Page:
I am absolutely unequivocally positive that we can and will end gender-based violence. Absolutely. Positive. The end might not be within my lifetime but I am hopeful it will happen within the lifetime of the next generation. Why am I so darn positive?
For decades, much of the work on domestic and sexual violence focused on providing individual assistance to victims – shelter, counseling, advocacy, and legal remedies. All critical and lifesaving. At HAVEN, in our 40 years, we estimate that we provided such services to over 400,000 individuals – women, children, and men. We know that we have made an impact and we know that we have helped save lives. And continue to both today.
And during those 40 years, we also provided critical prevention education programming to hundreds of thousands of school children. Teaching students about body autonomy, the dynamics of abuse, healthy relationships, consent, dating violence, sexual harassment, and gender respect. But over the past several years we have seen the direction of prevention education starting to make a significant shift, a shift from risk reduction (“don’t get raped”) to a strong focus on primary prevention.
And this shift is what is driving home my positive belief that we will end the violence.
When we as a society begin to address the root causes of gender-based violence, we stand an actual chance at ending the violence. Primary prevention becomes the means to an end. Let’s look at another serious public health issue as an example – smoking.
I am old enough to remember people smoking on airplanes, at movie theaters, in hospital rooms, elementary schools, churches – you name it – people smoked and smoked – with no one giving it a thought or a concern. Then we started to hear of health concerns for the smoker and eventually that led to warning labels on cigarette packaging. Next came concerns regarding second hand smoke and addiction. When the truth about nicotine addiction came out and big tobacco was held accountable, the tide started to shift. The effort began to focus on root causes – nicotine addiction and direct link causes to cancer for both the smoker and those breathing in those second hand fumes.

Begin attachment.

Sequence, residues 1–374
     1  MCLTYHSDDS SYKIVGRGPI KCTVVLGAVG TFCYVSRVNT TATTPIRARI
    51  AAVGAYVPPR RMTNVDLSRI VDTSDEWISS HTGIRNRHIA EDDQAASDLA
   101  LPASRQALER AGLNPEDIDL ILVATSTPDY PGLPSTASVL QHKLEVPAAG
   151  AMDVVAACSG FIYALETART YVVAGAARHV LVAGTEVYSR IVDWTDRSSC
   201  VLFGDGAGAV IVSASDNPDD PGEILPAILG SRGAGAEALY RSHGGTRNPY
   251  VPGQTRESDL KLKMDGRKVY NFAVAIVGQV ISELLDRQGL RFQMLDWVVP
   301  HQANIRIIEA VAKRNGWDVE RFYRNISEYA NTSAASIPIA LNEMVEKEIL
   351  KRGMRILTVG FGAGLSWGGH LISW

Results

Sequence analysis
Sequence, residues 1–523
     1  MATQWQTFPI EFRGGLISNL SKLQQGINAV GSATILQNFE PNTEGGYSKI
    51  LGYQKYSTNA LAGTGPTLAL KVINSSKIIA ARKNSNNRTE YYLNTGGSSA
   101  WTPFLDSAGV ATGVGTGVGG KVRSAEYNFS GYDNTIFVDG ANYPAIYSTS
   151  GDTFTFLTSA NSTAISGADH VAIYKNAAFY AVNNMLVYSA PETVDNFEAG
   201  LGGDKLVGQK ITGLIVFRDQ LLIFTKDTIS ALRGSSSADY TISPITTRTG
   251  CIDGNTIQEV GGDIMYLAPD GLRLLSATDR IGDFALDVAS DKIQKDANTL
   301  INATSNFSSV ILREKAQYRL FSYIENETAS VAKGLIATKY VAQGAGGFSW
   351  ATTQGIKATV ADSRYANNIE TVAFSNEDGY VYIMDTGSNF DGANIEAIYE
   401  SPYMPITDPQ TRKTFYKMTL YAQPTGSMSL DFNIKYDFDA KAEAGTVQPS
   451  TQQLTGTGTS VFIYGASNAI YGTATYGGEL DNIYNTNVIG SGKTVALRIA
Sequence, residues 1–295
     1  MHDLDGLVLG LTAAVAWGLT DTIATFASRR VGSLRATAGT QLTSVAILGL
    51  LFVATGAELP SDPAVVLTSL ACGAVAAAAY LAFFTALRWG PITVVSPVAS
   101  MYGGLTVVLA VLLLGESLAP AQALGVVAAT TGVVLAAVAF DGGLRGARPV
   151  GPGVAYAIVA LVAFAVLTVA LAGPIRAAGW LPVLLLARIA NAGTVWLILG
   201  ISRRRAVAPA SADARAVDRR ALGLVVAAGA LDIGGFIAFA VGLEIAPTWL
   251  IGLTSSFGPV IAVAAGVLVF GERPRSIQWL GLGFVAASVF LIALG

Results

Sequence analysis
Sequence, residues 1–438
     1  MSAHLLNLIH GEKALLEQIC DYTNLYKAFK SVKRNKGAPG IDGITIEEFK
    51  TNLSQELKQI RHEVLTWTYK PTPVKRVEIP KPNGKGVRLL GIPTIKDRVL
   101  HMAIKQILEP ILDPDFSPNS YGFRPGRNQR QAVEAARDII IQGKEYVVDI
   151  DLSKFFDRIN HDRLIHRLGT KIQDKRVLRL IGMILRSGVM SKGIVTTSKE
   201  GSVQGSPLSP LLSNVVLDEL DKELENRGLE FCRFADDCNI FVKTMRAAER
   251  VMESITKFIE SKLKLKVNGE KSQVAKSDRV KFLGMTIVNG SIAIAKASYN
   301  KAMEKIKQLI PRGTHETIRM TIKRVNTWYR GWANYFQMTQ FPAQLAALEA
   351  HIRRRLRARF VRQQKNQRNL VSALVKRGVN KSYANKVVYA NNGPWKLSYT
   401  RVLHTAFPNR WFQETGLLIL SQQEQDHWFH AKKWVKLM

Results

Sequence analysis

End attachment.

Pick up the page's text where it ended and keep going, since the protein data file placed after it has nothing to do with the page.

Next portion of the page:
It took decades and yes, people of all ages still smoke, but in significantly smaller numbers. And where can one smoke? Not many places anymore. Starting this month, in some states, smokers will even be banned from smoking in their cars if minor children are present. A huge shift from just 20 years ago.
Although gender-based violence is a different public health issue, it is none the less a significant health problem in our society and around the world. This critical social issue is getting more attention than it ever has leading to accountability of institutions such as college administration and the military – institutions no longer being allowed to look the other way but to face and change the role in ending violence against women. Men are stepping up and accepting their role in ending the violence – standing beside women and becoming active and engaged bystanders, speaking up against men’s violence against women. Parents and educators are pushing for appropriate educational programming for children – insisting that all children have opportunities to learn about body autonomy, healthy relationships, and proactive bystander education.
Through social media, everyday voices are speaking up about the poor use of language by the media in describing violent acts and victim blaming. Corporate America is being challenged to stop objectifying women in their advertising and their promotion of products which perpetuates such objectification – even something so simple as Target eliminating the gender separation of children’s toys makes a difference.
On National Positive Thinking Day (yes there is such a thing!), join me and others in identifying how you too can make some positive steps toward the elimination of domestic and sexual violence.
My next positive step – I am going to share this blog and HAVEN’s Prevention Education Program information with friends and family members who have young children in school. I am going to give them tools to talk with their schools about making sure that their children have quality primary prevention education (not risk reduction education) made available to them and their classmates. A small but critical positive step.
What will you do today, tomorrow, and throughout future days?